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Under The Microscope: The fight to make cancer survivable

WHEN I FIRST met Judah Folkman some 20 years ago, I was so excited by his ideas that I wanted to stop strangers in the street to tell them. I also started some new experiments under his influence. What was his novel discovery? How blood vessels develop, and their fundamental role in cancer.

Judah Folkman was a young paediatric surgeon working on cancer at the Harvard Medical School. Like cells, tumours can be grown in a culture medium in a dish. Folkman became puzzled as to why cancer cells in a dish stop growing when they form a small tumour, about the size of a pea. These cultured tumours are always tiny and quite different from the tumours that grow in the body, which can be several centimetres in diameter. He offered his research students a fortnight's holiday for two at the best hotel in Miami if they could get tumours in the culture dishes to grow any larger. Folkman's prize was safe, for what he demonstrated is that tumours need a blood supply in order to grow, and that this is why their growth is so restricted outside the body.

What Folkman then showed was that there is an intimate relationship between tumours and the blood vessels that supply them with nutrients. The tumours actually attract vessels to grow towards them, and if the blood vessels do not reach the tumour, it will remain tiny or die. The way tumours attract vessels is by secreting a substance which causes the fine vessels nearby to migrate towards the source of the substance. The vessel's cells can detect local concentration and will move towards higher and higher concentrations. Once the tumour has received a blood supply, its growth can be explosive - it can become 20,000 times its original volume in a few weeks.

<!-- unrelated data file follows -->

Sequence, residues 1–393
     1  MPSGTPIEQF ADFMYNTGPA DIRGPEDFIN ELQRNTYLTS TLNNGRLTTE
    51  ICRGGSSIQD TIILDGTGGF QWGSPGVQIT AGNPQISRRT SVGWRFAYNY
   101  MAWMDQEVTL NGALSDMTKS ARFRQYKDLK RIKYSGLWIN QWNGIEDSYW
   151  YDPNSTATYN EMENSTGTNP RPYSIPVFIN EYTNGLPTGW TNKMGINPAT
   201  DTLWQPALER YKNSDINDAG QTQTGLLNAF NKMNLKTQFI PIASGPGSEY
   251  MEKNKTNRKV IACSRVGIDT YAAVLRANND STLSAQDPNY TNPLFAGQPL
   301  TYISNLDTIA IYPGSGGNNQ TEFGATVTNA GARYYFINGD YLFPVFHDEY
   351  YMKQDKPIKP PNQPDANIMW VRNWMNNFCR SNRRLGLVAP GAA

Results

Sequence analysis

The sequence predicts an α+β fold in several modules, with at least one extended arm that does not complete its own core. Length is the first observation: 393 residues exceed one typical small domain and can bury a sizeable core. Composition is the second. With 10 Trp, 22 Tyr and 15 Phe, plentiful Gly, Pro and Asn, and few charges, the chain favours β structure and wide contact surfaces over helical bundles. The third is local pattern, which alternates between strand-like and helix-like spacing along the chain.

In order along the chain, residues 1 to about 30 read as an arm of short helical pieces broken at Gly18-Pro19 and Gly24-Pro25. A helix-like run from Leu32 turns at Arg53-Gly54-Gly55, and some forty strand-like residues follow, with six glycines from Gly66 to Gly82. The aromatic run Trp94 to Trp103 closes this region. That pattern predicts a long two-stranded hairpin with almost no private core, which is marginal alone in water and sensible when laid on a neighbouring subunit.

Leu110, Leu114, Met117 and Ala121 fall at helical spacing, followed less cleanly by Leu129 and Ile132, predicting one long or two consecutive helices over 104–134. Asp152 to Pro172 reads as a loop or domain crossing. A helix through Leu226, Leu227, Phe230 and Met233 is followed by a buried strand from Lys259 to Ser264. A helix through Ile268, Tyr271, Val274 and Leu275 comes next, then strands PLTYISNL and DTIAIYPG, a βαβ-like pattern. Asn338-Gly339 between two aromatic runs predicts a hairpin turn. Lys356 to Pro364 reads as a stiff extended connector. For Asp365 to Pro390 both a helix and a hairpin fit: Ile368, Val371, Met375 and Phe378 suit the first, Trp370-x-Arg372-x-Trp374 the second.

It is this growth that makes tumours lethal. There is evidence that an individual with cancer may have many small tumours in the body that are hard to detect until they receive a blood supply and start to grow. Folkman devoted his next efforts to identifying the substances released by tumours that attract vessels, in order to find ways of preventing them from working and the tumours from acquiring a blood supply. His views were met with considerable scepticism - few believed that it might be possible to treat cancer by blocking blood-vessel development. He had to use considerable powers of persuasion to convince scientists to join him, as other professors actually tried to dissuade them from doing so.

But Folkman received a major boost in 1994, when his laboratory isolated a natural inhibitor of blood-vessel growth called angiostatin (blood-vessel growth is called angiogenesis). Two years later, they isolated another inhibitor, endostatin. When a mouse with a large tumour was treated daily with endostatin, the tum- our almost disappeared within 12 days. It is still not known how the inhibitors work, but tests using related substances to suppress vessel growth in cancer patients are due to start next year. And because of the publicity his work has attracted, his office already receives over 1,000 calls a day from cancer patients or their families, desperate for a life-saving treatment.

In an interview in the journal Science, Folkman was asked whether he thinks that his treatments will eventually cure cancer. His reply: that his inhibitors will not, but that he believes they will make cancer more controllable when used alongside standard treatments like chemotherapy. Folkman is now honoured by numerous prestigious awards. He is a wonderful example of a scientist who did not give up his ideas, despite initial opposition.